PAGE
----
By Heide Brandes OKLAHOMA CITY (Reuters) - The University of Oklahoma has expelled two students for playing a leadership role in singing a racist song at a fraternity-linked event that was captured on video and viewed worldwide, the school's president said on Tuesday. The two students, who have not officially been identified, were connected to a Sigma Alpha Epsilon fraternity event. The video, posted on Sunday, prompted the university to shut down the fraternity's house on campus and force members to vacate it by midnight on Tuesday. "There is zero tolerance for this kind of threatening racist behavior at the University of Oklahoma," President David Boren said in a post on social media website Twitter.
Japan marked the fourth anniversary Wednesday of the quake-tsunami disaster that swept away thousands of people and sparked a nuclear crisis, a tragedy that has left visible scars on the landscape and continues to wreak misery for many. Remembrance ceremonies were being held in towns and cities around the disaster zone and in Tokyo, where Emperor Akihito and Empress Michiko are to lead tributes to those who died in Japan's worst peace-time disaster. The National Police Agency said a total of 15,891 people are confirmed to have died in the disaster, with another 2,584 still listed as missing. At the beach in Shichigahama, 28 police and coastguard officers offered a silent prayer Wednesday morning before they began their search for the bodies of two townspeople still missing.
By Brendan O'Brien MADISON, Wis. (Reuters) - The fatal police shooting of an unarmed biracial teen in Madison, Wisconsin, has cast a light on the divide between the liberal whites that dominate the university city and its black residents, who said this week they feel marginalized. Since the death on Friday evening of 19-year-old Tony Robinson, Madison has seen days of protests and a measured response by the city's police department. Robinson was shot after Officer Matt Kenny responded to calls about a man dodging cars in traffic who had allegedly battered another person, according to police officials. Madison, a city of 243,000, is perennially near the top of media rankings of the best places to live in the United States.
By Heide Brandes OKLAHOMA CITY (Reuters) - The University of Oklahoma has expelled two students for playing a leadership role in singing a racist song at a fraternity-linked event that was captured on video and viewed worldwide, the school's president said on Tuesday. The two students, who have not been identified, were connected to a Sigma Alpha Epsilon fraternity event. The video, posted on Sunday, prompted the university to shut down the fraternity's house on campus and force members to vacate its premises by midnight Tuesday. "There is zero tolerance for this kind of threatening racist behavior at the University of Oklahoma," President David Boren said in a statement posted on Twitter.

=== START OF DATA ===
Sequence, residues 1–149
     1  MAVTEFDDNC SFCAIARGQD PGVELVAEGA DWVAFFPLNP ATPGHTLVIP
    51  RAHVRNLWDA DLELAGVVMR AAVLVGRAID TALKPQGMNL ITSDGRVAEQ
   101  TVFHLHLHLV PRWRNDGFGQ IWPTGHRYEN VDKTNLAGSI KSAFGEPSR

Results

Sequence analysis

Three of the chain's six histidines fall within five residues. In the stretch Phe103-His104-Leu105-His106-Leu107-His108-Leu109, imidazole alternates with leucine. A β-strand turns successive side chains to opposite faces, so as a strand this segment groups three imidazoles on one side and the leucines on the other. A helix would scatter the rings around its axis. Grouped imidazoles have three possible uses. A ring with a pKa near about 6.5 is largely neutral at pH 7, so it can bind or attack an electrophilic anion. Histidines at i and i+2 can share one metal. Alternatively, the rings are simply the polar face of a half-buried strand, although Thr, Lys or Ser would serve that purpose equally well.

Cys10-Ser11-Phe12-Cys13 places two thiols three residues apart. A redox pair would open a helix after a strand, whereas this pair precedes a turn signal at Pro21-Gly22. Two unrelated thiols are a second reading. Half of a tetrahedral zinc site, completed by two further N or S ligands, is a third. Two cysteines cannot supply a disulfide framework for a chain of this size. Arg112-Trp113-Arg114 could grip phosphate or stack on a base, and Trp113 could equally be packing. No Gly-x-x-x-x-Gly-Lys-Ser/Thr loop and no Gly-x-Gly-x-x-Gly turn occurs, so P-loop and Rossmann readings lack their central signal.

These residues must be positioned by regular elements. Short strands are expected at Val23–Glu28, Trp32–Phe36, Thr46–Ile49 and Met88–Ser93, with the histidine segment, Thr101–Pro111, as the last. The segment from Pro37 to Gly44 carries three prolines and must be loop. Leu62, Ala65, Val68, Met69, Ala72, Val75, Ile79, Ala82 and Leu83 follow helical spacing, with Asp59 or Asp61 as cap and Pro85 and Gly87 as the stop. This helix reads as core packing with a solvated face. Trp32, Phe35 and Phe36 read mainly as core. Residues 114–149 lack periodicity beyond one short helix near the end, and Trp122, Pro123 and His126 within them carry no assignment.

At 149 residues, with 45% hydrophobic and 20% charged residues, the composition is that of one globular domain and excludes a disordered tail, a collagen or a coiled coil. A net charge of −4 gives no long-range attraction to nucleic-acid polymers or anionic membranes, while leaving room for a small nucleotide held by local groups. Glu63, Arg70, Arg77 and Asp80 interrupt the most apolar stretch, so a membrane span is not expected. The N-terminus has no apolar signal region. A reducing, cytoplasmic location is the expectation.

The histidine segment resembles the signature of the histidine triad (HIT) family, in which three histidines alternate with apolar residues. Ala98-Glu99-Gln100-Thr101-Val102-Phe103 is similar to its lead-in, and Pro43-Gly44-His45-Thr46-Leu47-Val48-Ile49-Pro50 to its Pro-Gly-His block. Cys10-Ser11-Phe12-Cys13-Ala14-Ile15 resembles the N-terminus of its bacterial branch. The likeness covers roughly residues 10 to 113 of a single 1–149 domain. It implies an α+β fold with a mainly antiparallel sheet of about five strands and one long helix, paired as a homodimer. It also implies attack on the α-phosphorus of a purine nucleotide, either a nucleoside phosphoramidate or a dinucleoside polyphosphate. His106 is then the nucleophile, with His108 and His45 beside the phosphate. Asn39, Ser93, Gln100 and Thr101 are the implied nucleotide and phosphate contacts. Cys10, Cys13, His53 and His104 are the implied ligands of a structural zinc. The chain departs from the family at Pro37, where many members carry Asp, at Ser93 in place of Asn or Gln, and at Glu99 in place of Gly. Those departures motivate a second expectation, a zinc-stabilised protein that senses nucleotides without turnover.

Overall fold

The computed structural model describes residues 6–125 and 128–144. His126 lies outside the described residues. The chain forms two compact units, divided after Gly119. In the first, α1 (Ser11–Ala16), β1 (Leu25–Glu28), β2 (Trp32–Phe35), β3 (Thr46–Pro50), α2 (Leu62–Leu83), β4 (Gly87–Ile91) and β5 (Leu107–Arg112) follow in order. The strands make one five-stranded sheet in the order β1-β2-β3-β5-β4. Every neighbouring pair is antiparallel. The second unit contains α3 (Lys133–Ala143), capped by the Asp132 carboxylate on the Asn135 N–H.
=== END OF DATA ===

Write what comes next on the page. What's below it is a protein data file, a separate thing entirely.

President Barack Obama is slated to speak to students at Georgia Tech on Tuesday about how he wants to make the process of repaying student loans easier to understand and manage. Obama will sign a “student aid bill of rights” and will speak about an assortment of policy tweaks and projects to try to make it easier to help people with student loans pay back their debt. "It's our responsibility to make sure that the 40 million Americans with student loans are aware of resources to manage their debt, and that we are doing everything we can to be responsive to their needs," said Ted Mitchell, undersecretary of education, on a conference call with reporters. The White House said it will require clearer disclosures from companies to make sure borrowers understand who is servicing their loan and how to set monthly payments and change repayment plans.
WASHINGTON (Reuters) - Hillary Clinton plans to address her use of private email while at the U.S. State Department after her scheduled remarks at the United Nations later on Tuesday, according to media reports. CBS News, MSNBC and CNN, citing sources, said Clinton would hold a news conference after her speech in New York, which is scheduled for 1:30 p.m. EDT. Reuters could not immediately confirm the reports. (Reporting by Jonathan Allen, Jeff Mason and Susan Heavey; Editing by Emily Stephenson)
The Boston Marathon bombing trial on Tuesday is due to resume with defense lawyers cross-examining an FBI agent who a day earlier discussed two Twitter accounts that defendant Dzhokhar Tsarnaev used in the months leading up to the attack. Tsarnaev, 21, is accused of killing three people and injuring 264 with a pair of homemade bombs at the race's crowded finish line on April 15, 2013, as well as fatally shooting a police officer three days later as he and his brother tried to flee the city. Federal prosecutors contend that Tsarnaev was driven by an extremist view of Islam and a desire to strike back at the United States in revenge for military campaigns in Muslim-dominated countries. Defense lawyers argue that his older brother, 26-year-old Tamerlan, was the driving force behind the attacks and that his younger brother followed him out of a sense of submission.